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PHILIPPINE SUPREME COURT DECISIONS

EN BANC

[G.R. No. 34533. March 31, 1932. ]

TAN TUA SIA ET AL., Plaintiffs-Appellees, v. YU BIAO SONTUA ET AL., Defendants. FEDERICO GOTUA, Appellant.

Paredes & Buencamino and Jose Yulo, for Appellant.

J. W. Ferrier and Cirilo Lim, for Appellees.

SYLLABUS


1. BILLS AND NOTES; PRESUMPTION REGARDING SIGNATURE. — Inasmuch as the appellant is of age and a business man, he is presumed to have acted with due care, and to have signed the document in question with full knowledge of its contents. And this presumption of law is not overcome by the evidence adduced by the appellant, consisting in his own testimony. There being no evidence of fraud, and the appellant having admitted the genuineness of his signature on the promissory note in question, the same must be given its legal effects. (Hill v. Veloso, 31 Phil., 160.)

2. ID.; PAYMENT OF INTEREST. - The trial court found that the defendants did not pay the interest within the period stipulated in the contract, and this finding has not been assailed by the appellant in his assignments of error. Therefore, the appellant cannot avoid the performance of the obligation he contracted by signing the note in question.


D E C I S I O N


VILLAMOR, J.:


In their amended complaint the plaintiffs pray that judgment be rendered in their favor and against the defendants ordering them to pay jointly and severally the sum of P28,243.40, plus interest thereon at 14 per cent per annum from July 31, 1927 until fully paid, in addition to 20 per cent of said sum and interest thereon, as attorney’s fees, and the costs of this action; and any further remedy that may to the court seems just and equitable.

Yu Chong Tian, assignee of the insolvency of Yu Biao Sontua Hnos. y Cia. and of Yu Biao Sontua, practically reproduced herein the answer filed in this case by Yu Biao Sontua Hnos. Y Cia. and Yu Biao Sontua, dated and filed on October 14, 1927.

The defendant Federico Gotua also filed an answer to the complaint, wherein, after entering a general and specific denial of the allegations of the complaint, he sets up certain special defenses and a cross-complaint, terminating with a petition for the dismissal of the complaint and the payment of P20,000 to him by the plaintiffs and the costs.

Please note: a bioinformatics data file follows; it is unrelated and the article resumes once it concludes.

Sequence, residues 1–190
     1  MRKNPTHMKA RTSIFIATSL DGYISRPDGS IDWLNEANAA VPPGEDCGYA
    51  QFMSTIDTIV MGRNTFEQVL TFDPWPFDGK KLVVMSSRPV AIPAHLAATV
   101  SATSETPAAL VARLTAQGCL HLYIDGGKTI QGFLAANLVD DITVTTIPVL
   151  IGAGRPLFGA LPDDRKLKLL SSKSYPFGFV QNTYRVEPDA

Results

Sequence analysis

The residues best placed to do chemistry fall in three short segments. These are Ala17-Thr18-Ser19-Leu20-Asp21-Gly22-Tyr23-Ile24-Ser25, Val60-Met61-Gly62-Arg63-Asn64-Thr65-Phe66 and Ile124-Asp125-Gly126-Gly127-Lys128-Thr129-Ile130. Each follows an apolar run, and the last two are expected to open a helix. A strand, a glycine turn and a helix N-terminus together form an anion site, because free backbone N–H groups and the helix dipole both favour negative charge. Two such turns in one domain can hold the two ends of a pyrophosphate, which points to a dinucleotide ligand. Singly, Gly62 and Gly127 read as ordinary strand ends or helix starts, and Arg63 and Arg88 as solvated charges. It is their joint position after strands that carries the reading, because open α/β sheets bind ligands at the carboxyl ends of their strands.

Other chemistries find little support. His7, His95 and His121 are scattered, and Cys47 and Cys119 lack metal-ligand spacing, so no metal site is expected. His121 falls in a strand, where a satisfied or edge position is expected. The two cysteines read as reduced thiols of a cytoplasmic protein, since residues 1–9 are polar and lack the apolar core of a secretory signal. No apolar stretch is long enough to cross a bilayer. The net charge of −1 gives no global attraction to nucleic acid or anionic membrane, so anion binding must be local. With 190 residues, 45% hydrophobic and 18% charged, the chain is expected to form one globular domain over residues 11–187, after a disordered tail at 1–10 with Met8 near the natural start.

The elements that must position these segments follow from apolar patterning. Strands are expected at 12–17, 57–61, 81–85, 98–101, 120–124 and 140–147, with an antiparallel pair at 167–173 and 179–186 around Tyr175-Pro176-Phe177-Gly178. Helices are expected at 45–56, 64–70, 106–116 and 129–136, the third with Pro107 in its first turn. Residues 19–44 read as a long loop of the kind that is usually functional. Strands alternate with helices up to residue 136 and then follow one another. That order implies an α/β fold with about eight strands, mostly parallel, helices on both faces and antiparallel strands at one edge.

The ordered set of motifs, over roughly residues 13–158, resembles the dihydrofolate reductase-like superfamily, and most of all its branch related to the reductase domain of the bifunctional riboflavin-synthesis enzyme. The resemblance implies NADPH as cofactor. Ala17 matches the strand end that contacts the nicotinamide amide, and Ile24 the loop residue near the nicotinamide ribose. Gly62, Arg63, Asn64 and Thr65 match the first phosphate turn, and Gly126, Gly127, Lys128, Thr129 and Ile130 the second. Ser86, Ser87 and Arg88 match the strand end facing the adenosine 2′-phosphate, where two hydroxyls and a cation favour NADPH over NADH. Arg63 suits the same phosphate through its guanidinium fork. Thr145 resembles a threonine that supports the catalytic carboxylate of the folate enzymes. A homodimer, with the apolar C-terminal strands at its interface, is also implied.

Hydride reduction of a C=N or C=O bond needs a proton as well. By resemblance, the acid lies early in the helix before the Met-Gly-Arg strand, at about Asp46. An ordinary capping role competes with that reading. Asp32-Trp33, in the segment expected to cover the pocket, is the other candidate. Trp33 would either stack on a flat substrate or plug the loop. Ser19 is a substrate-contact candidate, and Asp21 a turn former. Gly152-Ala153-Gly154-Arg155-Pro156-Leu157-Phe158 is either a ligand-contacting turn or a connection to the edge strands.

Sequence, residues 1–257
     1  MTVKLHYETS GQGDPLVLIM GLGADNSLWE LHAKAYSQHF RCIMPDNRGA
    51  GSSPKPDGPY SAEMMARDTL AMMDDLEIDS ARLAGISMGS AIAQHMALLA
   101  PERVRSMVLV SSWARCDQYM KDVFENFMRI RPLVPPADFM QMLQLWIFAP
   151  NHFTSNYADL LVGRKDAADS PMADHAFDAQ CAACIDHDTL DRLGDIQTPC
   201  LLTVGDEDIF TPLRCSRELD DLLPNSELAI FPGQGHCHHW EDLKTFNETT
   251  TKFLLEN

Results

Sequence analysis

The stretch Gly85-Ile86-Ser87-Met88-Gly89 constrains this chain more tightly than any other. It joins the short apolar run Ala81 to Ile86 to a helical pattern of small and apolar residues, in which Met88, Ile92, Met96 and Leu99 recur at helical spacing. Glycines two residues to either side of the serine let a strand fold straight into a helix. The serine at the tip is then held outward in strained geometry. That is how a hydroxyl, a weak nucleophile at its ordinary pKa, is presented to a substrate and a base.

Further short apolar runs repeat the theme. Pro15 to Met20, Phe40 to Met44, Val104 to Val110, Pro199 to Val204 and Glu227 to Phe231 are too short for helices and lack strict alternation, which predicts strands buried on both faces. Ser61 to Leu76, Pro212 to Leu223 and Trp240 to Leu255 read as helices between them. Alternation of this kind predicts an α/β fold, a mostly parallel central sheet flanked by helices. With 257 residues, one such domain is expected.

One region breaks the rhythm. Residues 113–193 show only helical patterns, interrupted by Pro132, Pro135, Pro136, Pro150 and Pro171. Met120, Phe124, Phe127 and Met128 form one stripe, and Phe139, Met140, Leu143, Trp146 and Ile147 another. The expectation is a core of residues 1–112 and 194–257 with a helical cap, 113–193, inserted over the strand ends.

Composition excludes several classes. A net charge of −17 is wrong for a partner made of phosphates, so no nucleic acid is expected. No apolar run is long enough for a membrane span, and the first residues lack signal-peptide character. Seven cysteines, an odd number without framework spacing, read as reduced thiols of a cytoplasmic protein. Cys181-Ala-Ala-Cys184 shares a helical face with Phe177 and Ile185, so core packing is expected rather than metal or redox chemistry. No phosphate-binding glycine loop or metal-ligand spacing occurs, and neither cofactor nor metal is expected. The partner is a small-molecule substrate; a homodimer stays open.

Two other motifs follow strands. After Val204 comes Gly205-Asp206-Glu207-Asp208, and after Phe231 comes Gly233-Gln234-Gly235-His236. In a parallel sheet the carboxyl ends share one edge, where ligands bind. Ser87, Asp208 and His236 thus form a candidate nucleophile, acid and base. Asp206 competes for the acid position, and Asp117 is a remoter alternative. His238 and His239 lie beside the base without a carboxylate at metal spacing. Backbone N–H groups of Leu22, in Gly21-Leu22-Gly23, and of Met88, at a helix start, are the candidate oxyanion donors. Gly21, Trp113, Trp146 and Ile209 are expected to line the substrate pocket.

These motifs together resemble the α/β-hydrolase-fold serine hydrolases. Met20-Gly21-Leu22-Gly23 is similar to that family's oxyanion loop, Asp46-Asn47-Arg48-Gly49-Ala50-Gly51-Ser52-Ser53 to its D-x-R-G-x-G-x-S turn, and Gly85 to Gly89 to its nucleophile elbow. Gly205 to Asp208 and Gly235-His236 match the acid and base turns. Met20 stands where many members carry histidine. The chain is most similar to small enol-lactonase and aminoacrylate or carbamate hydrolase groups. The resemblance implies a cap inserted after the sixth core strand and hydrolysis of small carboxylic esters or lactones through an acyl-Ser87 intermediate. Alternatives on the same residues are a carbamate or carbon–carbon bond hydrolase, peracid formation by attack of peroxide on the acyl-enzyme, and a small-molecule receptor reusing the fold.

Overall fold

After the hearing, the court rendered a carefully prepared decision ordering the assignee of the insolvency of the defendants Yu Biao Sontua Hnos. y Cia. and Yu Biao Sontua, and the defendant Federico Gotua to pay the plaintiffs jointly and severally the sum of P28,243.40 plus the stipulated interest at the rate of 14 per cent per annum from September 31, 1927 until fully paid; to pay, as penalty by way of attorney’s fees and costs of collection an amount equivalent to 9 per cent of P28,243.40, the court considering the penalty (20%) mentioned in the promissory note Exhibit A as excessive, and finally to pay the costs.

From this judgment the defendant Federico Gotua appealed.

The present action is based upon the promissory note Exhibit A, attached to the record, which reads as follows:jgc:chanrobles.com.ph

"P28,243.40 MANILA, Sept. 21, 1925

"For value received and by virtue of the stipulations and agreements, assignments and waivers, made in a public instrument executed by and between Yu Biao Sontua Hermanos y Compañia, and Tan Tua Sia, as Administratrix of the Intestate Estate of the deceased Sebastian Sontian, wherein the latter states that she has withdrawn all the rights or shares that said Sebastian Sontian had in said partnership Yu Biao Sontua Hermanos y Compania, the undersigned jointly and severally promise to pay the administratrix of said intestate of the late Sebastian Sontian, or his heirs or assigns, the amount of Twenty-Eight Thousand, Two Hundred Forty-Three Pesos and Forty Centavos on or before the 31st of December, 1929, with interest from September 1, 1925, at the rate of fourteen per cent (14%) per annum, payable the 30th day of each month. Failure to pay the principal of this note or any monthly installment of the interest in due time shall bring about the maturity of said note, and both principal and interest shall be immediately due and payable. In case of litigation we also undertake to pay jointly and severally the holder of this note an additional sum equal to twenty per cent of the principal and interest then due, by way of attorney’s fees and costs of collection. — YU BIAO SONTUA HERMANOS & CO. Per (Sgd.) YU BIAO SONTUA, Manager. — (Sgd.) YU BIAO SONTUA — (Sgd.) FEDERICO GOTUA. — Witnesses: (Sgd.) YU LIU PUANG. — (Sgd.) LUIS EGAY."cralaw virtua1aw library

So far as the record shows, Tan Tua Sia and the other plaintiffs are the widow and children of Sebastian Sontian. The latter was formerly a partner of Yu Biao Sontua Hermanos y Cia. Upon his death differences arose between his heirs and the partnership Yu Biao Sontua Hnos. y Cia. as to the amount the heirs should receive for Sebastian Sontian’s share in the said company. Finally they agreed to liquidate the accounts of Sebastian Sontian and it was discovered that his share amounted in September, 1925 to P45,260.78; but deducting from this the sums he had on different occasions received, which in all amounted to P17,017.38, his share was reduced to P28,243.40. This sum was left in the hands of Yu Biao Sontua Hnos. y Cia. as a loan payable within five years, bearing interest at 14 per cent per annum. It was to secure the payment of this amount that the above-quoted promissory note was executed, the makers binding themselves to pay the plaintiffs jointly and severally the sum of P28,243.40 according to the terms of said note.